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Denim Deconstructed (And why I don't buy new jeans)

Updated: 4 days ago

15 years in the denim industry gave me a front seat to the rise of fast fashion and the environmental impact of textile production, and it wasn't pretty. After everything I saw, I never wanted to buy another pair of jeans again, so instead I started upcycling and helping others learn to quilt and create with discarded denim.

But what makes denim anyway? And why is it so bad for the environment? Well, below I'm going to share just a bit about this unique textile and why I don't buy new jeans.


Fabric is a bunch of fibers woven together, and the direction of those fibers is known as the grainline. In the image below the arrow going up and down represents the straight grain (or warp) and arrow going right to left is the cross grain (or weft). I have a little trick to remember which is which - "left" rhymes with "weft" so I remember that right to left is weft. The straight grain runs parallel to the selvedge edges, and then the bias runs diagonal across the fabric, offering flexibility and stretch.

When the fabric is woven, the warp yarns are held stationary on the loom while the weft yarns are woven over and under to create the weave.

The Weave

The first thing that makes a fabric denim is the twill weave. Unlike a traditional even weave, denim's twill weave creates a distinct diagonal pattern. The most durable and iconic version is a 3x1 RHT – three warp yarns to every one weft yarn creating a diagonal down from the upper right corner. For a denim to be over 10.5oz it needs to have this weave construction.

Warp-faced fabric – the dyed warp yarns are more visible on the front (face) than the undyed weft. Which is why the front of the jeans appears bluer but if you turn the jeans over, they appear whiter.

And why are the warp yarns blue? Because they're dyed with indigo, of course. Well, Hold on. Hold that thought for a second.

Indigo: Natural vs. Synthetic

Synthetic indigo
Synthetic indigo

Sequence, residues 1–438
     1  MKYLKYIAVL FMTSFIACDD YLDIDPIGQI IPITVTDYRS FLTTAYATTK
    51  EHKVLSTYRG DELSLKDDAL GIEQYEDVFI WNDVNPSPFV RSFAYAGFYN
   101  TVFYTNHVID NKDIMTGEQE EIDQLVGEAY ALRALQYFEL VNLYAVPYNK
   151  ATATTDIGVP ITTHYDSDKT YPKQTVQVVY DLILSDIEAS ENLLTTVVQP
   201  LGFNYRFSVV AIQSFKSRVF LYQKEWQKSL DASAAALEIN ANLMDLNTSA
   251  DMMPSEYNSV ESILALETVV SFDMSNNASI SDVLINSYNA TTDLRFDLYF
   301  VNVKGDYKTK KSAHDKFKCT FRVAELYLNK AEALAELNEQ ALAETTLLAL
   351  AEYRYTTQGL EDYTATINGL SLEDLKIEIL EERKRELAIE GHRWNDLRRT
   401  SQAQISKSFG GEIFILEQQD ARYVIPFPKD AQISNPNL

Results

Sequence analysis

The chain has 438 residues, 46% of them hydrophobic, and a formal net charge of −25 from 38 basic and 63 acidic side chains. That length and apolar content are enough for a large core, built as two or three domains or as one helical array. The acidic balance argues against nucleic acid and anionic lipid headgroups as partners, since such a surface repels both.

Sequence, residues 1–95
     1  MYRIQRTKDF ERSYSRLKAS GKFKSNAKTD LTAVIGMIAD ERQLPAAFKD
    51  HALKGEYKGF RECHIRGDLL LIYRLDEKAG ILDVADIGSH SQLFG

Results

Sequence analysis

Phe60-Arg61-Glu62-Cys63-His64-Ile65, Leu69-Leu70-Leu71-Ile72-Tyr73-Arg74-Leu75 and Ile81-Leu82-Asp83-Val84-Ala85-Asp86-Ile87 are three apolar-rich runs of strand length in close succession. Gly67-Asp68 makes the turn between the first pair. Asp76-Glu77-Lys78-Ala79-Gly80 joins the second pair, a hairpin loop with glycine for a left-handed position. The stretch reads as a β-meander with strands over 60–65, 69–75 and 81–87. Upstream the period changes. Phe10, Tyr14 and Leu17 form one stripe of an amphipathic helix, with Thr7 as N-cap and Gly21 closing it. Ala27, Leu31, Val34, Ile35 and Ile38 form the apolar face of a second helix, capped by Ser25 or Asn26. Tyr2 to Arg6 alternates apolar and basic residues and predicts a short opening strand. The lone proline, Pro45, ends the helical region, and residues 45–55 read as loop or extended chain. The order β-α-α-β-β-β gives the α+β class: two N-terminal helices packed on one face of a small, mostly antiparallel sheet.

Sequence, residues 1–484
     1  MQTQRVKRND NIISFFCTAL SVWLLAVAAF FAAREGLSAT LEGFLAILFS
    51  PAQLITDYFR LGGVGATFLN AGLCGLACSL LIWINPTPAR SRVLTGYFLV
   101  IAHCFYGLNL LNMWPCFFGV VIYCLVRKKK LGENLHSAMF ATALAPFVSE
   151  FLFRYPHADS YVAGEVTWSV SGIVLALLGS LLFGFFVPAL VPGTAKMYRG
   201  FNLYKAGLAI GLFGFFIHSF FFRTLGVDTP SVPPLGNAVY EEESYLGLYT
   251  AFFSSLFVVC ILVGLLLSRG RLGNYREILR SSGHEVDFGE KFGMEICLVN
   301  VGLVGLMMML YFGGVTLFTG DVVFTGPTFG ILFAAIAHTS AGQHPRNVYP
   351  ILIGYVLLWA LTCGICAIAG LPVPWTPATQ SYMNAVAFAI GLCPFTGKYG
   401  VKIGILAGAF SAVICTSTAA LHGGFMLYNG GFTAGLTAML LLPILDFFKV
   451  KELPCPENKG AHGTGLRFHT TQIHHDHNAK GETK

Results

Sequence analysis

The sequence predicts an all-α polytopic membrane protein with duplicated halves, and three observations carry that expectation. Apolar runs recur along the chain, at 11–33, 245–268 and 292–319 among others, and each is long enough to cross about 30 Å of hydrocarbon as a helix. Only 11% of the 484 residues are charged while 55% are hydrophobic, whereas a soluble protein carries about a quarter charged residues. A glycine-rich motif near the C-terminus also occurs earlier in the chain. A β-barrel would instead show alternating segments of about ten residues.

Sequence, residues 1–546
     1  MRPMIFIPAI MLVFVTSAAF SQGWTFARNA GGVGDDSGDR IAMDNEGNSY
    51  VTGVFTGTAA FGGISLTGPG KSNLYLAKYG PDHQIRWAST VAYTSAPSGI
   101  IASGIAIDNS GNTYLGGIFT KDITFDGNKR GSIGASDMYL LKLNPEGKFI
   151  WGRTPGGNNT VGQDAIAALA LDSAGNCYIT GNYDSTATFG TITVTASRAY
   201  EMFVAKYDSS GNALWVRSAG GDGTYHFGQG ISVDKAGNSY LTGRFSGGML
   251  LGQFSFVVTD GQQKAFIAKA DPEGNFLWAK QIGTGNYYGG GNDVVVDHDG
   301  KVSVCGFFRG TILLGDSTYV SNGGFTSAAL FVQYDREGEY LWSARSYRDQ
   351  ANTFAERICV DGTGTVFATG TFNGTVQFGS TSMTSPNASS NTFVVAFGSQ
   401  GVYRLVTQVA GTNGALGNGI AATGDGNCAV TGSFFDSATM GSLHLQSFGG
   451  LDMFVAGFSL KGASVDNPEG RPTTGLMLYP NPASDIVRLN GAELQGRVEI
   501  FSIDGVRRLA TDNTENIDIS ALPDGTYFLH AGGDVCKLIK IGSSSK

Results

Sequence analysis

Indigo dye has been around forever. Natural indigo comes from plants and is a sustainable and non-toxic dye. However, it's expensive and the process time intensive and a synthetic alternative was developed in the late 1800's, quickly overtaking natural indigo production. The problem? Synthetic indigo is made using crude oil and petrochemicals and is classified as a carcinogenic, genotoxic and neurotoxic substance.

Environmental Consequences

The environmental toll of synthetic indigo is significant. The dyeing process generates vast amounts of wastewater, filled with harmful chemicals. This wastewater not only pollutes natural water sources but also disrupts aquatic ecosystems, endangering plant life and wildlife. If you are interested in learning more about this, I highly recommend watching the documentary, River Blue.

Well, that's depressing, now what?

It's hard not to feel overwhelmed and powerless when it comes to combatting climate change, but it doesn't help the planet to sit around and feel sad. There are little things you can do like buy less new clothes and repair the ones you have to extend their life.

And once the jeans are made, the damage has been done, so rather than feel guilty about it, try upcycling them! Whether you make them into patchwork quilts or braided rugs, you are contributing to a more circular economy and showing others how fun it can be to be sustainable.

Happy Upcycling,

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1 commento

3 days ago

Hello, I love your blog post, so insightful. I just watched the movie, "Fashion Reimagined" on YouTube ( and they talked about the impact of denim, many issues I didn't realize. I like your suggestion about using the denim to make the applique.



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